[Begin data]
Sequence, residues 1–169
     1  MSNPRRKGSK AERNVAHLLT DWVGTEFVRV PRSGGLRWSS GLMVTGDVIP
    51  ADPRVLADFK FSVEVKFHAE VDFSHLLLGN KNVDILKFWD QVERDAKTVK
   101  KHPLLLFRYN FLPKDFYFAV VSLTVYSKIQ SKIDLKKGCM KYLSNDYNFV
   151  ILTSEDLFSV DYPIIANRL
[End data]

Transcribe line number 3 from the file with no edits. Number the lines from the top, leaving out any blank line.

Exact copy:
    51  ADPRVLADFK FSVEVKFHAE VDFSHLLLGN KNVDILKFWD QVERDAKTVK